Now is the time when third year and Transition Year students are taking important decisions about what subjects to study at senior cycle.
Students need to consider their aptitudes and abilities and use that as a basis for selecting the subjects to which they are best suited.
It is also vital that they take into account future college and career paths and ensure that when it comes to applying for higher education they are not caught out because they did not study a particular subject at Leaving Certificate level.
Here, Aoife Walsh, guidance counsellor at Malahide Community School, Co Dublin, offers some key pointers on how to make the best choices.
Q My school offers LCA, LCVP and traditional Leaving Certificate. What are the differences between these three programmes?
A LCA stands for Leaving Certificate Applied. It provides students with a very different way of studying. It contains a large amount of continuous assessment and work experience. Students study traditional subjects such as maths, English and a language but also take a variety of modules which varies depending on the school. LCA classes are generally smaller than traditional Leaving Certificate classes. This option tends to suit students who do not enjoy a very academic environment and enjoy a more practical learning style.
LCVP stands for Leaving Cert Vocational Programme. It offers students who are studying certain combinations of subjects in the traditional Leaving Cert the opportunity to take extra 'Link Modules' in the area of Business and Enterprise. Students can earn up to 70 CAO points for LCVP and the programme is mostly project work with an exam in May. Nearly all colleges recognise LCVP points for entry but students may count only their best six subjects for points.
Q How many subjects do I need to choose?
A The rules in schools vary, but most require students to take seven subjects for the Leaving Certificate. Some students may take fewer, for example, those who are not taking Irish. Other students may choose to take more. There is no specific rule about how many subjects one should take, however students must pass six subjects in the Leaving Certificate in order to be eligible for Level 8 (honours) degrees and the CAO uses a student's best six subjects to determine CAO points.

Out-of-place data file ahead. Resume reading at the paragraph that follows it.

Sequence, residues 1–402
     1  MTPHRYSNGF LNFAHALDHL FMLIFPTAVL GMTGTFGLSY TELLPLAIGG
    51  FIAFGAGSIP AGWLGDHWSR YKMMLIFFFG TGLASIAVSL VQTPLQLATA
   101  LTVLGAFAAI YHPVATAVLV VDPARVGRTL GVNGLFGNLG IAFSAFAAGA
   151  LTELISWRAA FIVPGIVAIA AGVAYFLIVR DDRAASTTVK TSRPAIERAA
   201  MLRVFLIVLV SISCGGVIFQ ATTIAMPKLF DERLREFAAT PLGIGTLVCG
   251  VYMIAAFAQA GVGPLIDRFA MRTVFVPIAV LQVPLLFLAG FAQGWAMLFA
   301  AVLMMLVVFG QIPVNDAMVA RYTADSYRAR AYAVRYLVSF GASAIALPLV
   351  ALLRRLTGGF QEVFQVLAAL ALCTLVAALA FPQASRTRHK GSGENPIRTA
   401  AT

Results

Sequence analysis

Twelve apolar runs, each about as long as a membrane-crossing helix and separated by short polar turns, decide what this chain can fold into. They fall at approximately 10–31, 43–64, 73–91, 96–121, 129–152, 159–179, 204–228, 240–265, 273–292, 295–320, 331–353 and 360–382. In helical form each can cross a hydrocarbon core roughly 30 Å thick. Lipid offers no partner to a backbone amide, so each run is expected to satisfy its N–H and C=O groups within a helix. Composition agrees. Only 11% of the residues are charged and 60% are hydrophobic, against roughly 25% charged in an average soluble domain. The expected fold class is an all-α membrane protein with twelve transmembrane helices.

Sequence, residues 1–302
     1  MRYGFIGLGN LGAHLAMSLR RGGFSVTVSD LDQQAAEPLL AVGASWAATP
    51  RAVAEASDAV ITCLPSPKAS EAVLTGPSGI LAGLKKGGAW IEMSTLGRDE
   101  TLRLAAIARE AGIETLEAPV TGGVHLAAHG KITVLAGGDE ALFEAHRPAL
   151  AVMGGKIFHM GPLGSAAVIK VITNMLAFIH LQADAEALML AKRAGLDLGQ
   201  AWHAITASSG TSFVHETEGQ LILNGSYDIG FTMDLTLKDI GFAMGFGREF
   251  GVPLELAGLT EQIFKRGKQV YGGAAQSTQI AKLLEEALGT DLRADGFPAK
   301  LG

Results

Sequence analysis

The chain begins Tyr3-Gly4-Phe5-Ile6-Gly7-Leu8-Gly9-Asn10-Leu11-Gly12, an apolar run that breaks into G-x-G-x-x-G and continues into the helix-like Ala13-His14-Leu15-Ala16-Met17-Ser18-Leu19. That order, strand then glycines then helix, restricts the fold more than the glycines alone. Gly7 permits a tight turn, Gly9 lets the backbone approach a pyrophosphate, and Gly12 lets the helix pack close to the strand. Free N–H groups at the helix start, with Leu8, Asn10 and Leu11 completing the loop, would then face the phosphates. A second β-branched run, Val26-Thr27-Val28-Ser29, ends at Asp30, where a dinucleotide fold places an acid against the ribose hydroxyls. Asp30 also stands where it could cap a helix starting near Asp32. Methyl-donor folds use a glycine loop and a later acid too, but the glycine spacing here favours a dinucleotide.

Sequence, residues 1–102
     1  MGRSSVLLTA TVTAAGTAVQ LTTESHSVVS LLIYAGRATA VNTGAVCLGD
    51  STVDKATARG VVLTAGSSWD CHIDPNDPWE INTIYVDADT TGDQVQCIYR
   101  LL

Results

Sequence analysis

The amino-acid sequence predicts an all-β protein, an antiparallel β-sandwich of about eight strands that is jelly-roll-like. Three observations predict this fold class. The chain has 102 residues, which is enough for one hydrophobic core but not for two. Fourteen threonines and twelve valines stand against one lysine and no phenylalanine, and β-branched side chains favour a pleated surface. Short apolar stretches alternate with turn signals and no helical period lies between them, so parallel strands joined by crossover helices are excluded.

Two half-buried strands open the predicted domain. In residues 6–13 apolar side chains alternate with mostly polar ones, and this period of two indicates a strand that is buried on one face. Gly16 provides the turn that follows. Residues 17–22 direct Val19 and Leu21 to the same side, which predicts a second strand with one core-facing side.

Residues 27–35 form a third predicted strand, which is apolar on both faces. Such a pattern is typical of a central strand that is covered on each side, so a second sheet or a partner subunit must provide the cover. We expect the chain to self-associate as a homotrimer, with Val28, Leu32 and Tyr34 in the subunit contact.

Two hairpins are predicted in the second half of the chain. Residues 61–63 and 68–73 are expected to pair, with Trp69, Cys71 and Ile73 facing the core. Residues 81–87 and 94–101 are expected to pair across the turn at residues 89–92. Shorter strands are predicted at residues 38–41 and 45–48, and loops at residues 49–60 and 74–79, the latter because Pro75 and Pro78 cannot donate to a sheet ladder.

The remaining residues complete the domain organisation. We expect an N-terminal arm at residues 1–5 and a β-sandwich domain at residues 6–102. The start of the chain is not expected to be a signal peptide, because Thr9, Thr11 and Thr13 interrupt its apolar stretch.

Q Are there any subjects I must choose?
A Every student must take English, maths and Irish, unless they have an exemption from Irish. Students will normally choose another four subjects.
The subjects offered by schools and the freedom of choice students have can vary depending on resources and timetabling constraints. Some schools offer students a completely free choice while others might ask students to choose between certain groupings.
Most Leaving Certificate subjects can be taken up by students at senior cycle even if they have not studied them before, but there are some that students will find very difficult to take up if they have not studied them previously. If students are considering taking a new subject it is advisable to speak to the subject teacher or a guidance counsellor before making this decision.
Q I would like to take more than seven subjects, is this possible?
A In theory, students may take as many subjects as they wish, but most school timetables can only accommodate seven. However, every year a number of students choose to take eight subjects or, in a very small number of cases, nine.
These extra subjects are usually taken outside school. Students may choose to take a subject that is similar to subjects they are already studying. For example many students who are studying physics and higher level maths may choose also to take applied maths.